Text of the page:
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All a load of spin?

Written by Fiona February 09 2010

Just a few miles into a cycle ride from Bearsden to Falkirk (to meet with my ex-husband’s father.. you must know by now how I like to slot a run or a cycle into my everyday schedule) I suddenly realise that one of my gear lever cables was on the verge of snapping. I can’t think how I had not noticed this before as it sits right in front of my face while cycling but there it was, a severed cable sleeve and an almost slashed cable. This meant that I dared not force the lever to change the front cogs and so for the rest of the 30-odd mile trip I could use only the smallest front cog.

I reasoned that it was better to be stuck in the smallest cog with access to eight of the easier gears, rather than left only with the eight hardest gears as there was a fair number of hills to tackle. So, I found the going up was just fine but when it came to the downhills I quickly ran out of gears. In this way, I ended up doing a whole lot of pedal spinning.

This got me thinking (you do a lot of thinking when you’re out cycling solo) and I recalled being out with a cycle friend recently and noticing that his cadence was a lot faster than mine. At the time I didn’t have the energy to ask why (I was trying to keep up and so I was out of puff) but with my limited gear span on Saturday it did give me the chance to try out my own form of faster cadence cycling. What I noticed was that there was less requirement to think about changing gear (mainly because there were fewer to choose from!) and that my spinning legs felt a lot smoother in terms of momentum.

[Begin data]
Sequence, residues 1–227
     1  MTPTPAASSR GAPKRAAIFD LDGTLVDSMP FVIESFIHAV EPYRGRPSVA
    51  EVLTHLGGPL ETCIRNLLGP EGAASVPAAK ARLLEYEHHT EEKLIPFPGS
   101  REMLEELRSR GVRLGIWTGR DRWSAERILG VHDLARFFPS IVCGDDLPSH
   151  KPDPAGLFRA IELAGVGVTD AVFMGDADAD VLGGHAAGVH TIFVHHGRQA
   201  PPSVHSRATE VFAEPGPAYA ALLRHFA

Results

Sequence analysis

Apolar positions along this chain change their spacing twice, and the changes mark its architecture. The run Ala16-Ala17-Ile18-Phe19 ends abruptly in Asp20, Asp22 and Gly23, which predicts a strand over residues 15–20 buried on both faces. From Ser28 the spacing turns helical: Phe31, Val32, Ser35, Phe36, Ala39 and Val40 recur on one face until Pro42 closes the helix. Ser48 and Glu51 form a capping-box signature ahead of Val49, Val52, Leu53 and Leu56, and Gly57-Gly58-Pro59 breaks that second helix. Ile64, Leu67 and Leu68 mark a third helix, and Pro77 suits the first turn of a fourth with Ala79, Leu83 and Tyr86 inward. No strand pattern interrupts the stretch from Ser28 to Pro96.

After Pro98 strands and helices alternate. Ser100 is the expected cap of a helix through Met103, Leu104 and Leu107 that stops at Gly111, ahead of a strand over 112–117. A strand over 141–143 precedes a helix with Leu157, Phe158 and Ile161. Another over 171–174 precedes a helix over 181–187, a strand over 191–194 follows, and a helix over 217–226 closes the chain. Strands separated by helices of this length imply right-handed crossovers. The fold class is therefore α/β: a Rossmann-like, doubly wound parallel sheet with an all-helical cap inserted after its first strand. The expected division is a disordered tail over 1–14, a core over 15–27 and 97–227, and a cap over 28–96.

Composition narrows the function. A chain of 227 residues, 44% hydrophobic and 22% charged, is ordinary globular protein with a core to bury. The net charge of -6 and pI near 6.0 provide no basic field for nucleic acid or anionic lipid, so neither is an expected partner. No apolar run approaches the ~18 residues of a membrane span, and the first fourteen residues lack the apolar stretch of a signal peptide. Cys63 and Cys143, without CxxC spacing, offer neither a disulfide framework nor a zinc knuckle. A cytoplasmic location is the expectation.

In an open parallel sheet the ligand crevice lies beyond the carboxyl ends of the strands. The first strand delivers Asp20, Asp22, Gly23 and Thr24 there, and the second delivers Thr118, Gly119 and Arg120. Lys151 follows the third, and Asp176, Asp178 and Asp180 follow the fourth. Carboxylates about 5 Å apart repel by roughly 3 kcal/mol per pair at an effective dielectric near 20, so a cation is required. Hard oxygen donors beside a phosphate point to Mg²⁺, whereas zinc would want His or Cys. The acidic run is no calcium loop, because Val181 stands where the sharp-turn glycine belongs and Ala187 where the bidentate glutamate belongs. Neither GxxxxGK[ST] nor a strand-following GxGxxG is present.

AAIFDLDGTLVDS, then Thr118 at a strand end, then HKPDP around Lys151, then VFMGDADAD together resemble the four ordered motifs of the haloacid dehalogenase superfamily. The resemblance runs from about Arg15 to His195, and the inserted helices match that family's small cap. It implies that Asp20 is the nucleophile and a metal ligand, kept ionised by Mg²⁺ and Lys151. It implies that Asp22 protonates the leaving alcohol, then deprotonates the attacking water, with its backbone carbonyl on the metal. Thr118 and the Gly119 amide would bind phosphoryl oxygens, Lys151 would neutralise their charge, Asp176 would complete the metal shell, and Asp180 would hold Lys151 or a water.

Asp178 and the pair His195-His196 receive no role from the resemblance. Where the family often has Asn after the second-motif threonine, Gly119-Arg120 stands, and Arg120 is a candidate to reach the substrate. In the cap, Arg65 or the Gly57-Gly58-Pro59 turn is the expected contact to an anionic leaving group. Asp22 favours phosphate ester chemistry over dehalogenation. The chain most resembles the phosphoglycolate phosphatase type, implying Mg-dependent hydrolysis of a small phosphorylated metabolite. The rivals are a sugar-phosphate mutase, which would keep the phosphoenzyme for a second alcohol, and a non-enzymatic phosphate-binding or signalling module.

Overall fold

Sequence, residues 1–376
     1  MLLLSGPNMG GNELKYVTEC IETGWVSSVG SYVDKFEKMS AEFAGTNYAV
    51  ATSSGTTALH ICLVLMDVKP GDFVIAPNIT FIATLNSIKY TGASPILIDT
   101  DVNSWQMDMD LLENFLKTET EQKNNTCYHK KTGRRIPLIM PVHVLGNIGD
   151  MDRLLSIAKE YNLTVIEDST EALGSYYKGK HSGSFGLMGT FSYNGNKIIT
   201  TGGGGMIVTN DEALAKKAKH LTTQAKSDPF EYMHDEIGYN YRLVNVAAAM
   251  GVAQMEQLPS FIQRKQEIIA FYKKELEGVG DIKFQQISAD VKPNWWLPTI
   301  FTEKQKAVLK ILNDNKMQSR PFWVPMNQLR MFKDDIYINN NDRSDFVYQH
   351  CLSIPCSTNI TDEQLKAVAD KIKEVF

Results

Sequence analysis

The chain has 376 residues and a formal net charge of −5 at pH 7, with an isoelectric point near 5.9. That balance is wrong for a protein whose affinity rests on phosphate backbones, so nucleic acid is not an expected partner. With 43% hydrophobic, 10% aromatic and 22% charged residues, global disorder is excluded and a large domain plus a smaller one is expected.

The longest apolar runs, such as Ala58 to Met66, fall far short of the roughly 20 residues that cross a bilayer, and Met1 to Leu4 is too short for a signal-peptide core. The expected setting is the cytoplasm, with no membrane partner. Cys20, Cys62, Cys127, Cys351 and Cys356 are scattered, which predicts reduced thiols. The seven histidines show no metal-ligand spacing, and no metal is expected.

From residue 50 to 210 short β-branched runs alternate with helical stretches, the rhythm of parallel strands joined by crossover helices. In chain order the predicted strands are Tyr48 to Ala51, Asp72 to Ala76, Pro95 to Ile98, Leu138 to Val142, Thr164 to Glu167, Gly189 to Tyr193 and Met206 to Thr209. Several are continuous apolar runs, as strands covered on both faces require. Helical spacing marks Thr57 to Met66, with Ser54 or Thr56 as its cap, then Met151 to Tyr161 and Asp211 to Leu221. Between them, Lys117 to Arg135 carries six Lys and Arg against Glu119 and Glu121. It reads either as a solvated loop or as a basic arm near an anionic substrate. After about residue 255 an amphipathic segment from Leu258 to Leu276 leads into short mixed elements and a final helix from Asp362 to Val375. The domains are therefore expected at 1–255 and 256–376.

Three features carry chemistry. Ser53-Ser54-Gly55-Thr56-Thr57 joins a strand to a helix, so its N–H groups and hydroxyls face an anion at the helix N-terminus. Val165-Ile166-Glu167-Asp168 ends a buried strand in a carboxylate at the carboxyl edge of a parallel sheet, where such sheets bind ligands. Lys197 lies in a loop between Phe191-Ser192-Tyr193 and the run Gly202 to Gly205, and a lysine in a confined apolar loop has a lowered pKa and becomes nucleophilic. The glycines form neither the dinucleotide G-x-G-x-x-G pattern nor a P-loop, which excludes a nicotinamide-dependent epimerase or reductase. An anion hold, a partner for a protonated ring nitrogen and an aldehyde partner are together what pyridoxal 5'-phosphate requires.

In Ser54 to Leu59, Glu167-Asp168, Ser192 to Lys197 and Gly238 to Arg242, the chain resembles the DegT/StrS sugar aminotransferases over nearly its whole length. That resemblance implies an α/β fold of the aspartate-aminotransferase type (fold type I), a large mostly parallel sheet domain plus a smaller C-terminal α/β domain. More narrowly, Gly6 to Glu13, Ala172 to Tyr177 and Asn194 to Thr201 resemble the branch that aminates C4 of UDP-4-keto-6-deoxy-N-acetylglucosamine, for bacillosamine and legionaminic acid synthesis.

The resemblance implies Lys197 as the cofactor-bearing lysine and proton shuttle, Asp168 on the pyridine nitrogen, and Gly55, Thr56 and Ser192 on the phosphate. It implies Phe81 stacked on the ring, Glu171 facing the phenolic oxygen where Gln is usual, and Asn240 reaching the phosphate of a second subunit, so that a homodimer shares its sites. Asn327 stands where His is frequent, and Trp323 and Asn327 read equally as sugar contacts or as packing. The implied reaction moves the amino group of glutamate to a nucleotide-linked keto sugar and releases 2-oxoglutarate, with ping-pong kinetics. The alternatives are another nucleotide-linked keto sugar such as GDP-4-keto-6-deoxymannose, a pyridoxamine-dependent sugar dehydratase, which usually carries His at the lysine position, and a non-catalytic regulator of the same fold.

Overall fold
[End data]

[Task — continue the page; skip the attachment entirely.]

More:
The strange thing was that the journey seemed to speed by much quicker than I’d expected and before I knew it I’d come across a sign to the Falkirk Wheel, where I was to meet my father-in-law.

So this had we wondering further. On further investigation I have found out that “spinning” can bring some benefits to cycle training (and, boy, do I need all the advantages I can get). It seems that while casual cyclists have a cadence (ie pedal turn) of around 60rpm (revolutions per minute), the pros are up there at 110 to 120rpm. Apparently, as an aspiring (or perspiring?!) amateur, my cadence should be somewhere in the middle.

It seems that it is a good idea to get used to cycling at a faster cadence because it is less stressful on the leg muscles. If you think about it, cycling in difficult gear at 50rpm is much more work for your legs than cycling in an easier gear at 80rpm, assuming the same overall speed.

Technically, cycling in a low cadence is called “mashing”, while high rotation is called “spinning” (ah, so that’s where the concept for spinning classes came from). Also, cycling at a low cadence uses “fast twitch muscles fibres”, while cycling at a high cadence with less force utilises “slow twitch muscle fibres”. Fast twitch fibres use locally stored energy (glycogen in the muscles) that will tend to run out over a long ride, while slow twitch fibres use fat, which is more readily available in the body and much better at coping with endurance rides.

Of course, there will still be times, like on hills, when slow pedalling is useful (and also over short time trial style events) but it seems that from a longer-distance point of view it’s better to aim for a cadence of 90 to 100rpm.

I guess, if I’d thought about it, this is a similar theory to running. Only I just hadn’t thought about it until my gear cable decided to give up!

The “fat burning” potential offered by my almost snapped cable also meant I was able to scoff a whole lot more tea and cake in the Falkirk Wheel cafe. Ideal!

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